The secretary came in and placed a newspaper upon the lap of the plum-colored man sitting at a small desk covered in wrinkled telegrams. He was hunched slightly forward and draping his shoulders was a mantle of red, black, and green. She turned to leave but was stopped by the man as he reached out and placed his hand on her arm.
The woman looked into his set of bloodshot eyes, barely visible below their drooping lids.
With some effort, he turned his whole body halfway across the chair and mumbled something softly to her. His voice trailed off several times before the secretary felt assured that he had finished his sentence. She didn’t understand a word he had said.
“I’ll check,” she said and walked towards the door. On her way out, she glanced at the two paintings that decorated the room. They faced each other on opposite walls. Both were of Napoleon Bonaparte, one recognizable as the Emperor of France. In the other though, the emperor was heavier, and he was a black man. He looked a lot like the pitiful man at the chair.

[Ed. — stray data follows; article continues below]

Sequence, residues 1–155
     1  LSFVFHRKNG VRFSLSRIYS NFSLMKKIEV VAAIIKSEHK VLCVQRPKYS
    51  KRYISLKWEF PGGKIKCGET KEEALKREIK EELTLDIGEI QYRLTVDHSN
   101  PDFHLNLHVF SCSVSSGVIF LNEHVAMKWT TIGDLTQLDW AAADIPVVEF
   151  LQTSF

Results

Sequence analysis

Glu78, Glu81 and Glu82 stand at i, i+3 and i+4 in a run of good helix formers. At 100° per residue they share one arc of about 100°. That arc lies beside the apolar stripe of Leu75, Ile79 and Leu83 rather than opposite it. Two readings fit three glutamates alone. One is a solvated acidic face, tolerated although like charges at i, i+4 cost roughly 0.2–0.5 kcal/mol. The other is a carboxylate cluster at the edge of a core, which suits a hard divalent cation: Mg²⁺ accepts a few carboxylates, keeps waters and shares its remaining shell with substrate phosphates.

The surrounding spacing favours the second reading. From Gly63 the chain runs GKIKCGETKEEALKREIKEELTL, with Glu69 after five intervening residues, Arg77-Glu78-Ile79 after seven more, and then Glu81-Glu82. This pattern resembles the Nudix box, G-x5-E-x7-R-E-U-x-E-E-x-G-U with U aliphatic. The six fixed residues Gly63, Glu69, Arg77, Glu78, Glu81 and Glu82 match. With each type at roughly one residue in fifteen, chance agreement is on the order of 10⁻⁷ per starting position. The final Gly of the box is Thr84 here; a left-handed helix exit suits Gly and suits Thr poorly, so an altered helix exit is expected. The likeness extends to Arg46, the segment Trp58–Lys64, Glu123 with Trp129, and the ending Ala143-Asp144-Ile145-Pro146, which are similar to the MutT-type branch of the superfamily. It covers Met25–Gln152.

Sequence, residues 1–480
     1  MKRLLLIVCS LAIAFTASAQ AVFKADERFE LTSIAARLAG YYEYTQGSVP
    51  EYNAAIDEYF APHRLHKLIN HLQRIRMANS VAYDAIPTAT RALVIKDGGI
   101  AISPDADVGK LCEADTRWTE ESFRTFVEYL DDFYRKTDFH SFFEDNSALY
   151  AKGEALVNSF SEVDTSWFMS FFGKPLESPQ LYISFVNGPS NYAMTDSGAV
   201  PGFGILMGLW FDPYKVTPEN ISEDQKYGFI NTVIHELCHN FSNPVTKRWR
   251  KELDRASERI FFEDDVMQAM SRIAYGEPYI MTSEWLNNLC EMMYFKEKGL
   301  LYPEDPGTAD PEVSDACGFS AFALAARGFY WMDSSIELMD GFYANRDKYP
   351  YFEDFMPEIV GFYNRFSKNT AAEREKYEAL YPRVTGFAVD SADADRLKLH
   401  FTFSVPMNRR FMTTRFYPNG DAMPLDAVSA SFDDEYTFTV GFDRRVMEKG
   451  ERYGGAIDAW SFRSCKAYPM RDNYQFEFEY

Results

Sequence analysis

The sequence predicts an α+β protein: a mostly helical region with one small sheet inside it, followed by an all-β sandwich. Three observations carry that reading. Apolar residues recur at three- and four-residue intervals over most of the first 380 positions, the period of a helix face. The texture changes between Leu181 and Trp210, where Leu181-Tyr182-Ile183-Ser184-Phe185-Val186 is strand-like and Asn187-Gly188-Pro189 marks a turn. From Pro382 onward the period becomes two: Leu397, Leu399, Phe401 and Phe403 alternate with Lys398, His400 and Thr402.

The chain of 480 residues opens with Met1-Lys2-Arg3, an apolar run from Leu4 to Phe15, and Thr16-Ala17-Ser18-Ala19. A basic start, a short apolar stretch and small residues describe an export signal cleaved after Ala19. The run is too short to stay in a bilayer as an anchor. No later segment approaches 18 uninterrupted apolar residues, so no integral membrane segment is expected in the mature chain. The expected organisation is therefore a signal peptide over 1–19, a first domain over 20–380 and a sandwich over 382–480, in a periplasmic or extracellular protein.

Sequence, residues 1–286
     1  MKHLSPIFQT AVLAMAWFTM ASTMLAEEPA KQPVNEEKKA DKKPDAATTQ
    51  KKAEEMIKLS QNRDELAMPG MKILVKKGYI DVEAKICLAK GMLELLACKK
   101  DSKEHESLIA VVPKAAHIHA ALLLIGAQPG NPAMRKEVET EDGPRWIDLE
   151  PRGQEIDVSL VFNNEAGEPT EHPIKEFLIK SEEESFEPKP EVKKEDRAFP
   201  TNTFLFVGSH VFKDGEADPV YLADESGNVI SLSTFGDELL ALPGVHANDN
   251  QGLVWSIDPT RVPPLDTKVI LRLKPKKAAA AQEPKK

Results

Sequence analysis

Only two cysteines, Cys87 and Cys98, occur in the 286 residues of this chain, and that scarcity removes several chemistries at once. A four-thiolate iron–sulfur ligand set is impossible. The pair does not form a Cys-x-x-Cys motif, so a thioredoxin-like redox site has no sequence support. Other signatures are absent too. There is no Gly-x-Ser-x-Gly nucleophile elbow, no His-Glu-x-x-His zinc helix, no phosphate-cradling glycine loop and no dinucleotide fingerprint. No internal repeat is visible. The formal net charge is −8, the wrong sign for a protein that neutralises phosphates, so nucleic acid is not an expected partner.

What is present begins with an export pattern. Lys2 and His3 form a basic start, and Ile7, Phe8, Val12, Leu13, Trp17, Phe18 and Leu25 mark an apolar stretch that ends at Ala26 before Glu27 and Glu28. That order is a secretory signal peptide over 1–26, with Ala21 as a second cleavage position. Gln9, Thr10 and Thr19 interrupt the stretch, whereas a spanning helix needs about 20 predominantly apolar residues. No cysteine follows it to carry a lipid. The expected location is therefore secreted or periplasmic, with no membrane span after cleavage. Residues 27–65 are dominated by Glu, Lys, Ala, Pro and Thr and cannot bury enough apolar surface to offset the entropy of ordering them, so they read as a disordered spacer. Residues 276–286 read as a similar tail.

With one hand, the man took the newspaper from his lap and opened it. It was a May edition of the Chicago Defender. He slowly followed the right-hand column until he stopped at an obituary: “... died today; broke, alone, and unpopular.”
He crumpled in his chair.
On June 9th, 1940, in a small and dirty rental in West Kensington, London, Marcus Garvey – founder of the Universal Negro Improvement Association, owner of the Black Star shipping line, and deported “President of Africa” - suffered his second stroke, brought on by the shock of insults accompanying his premature obituaries. By the next morning, the papers would be able to accurately report his passing.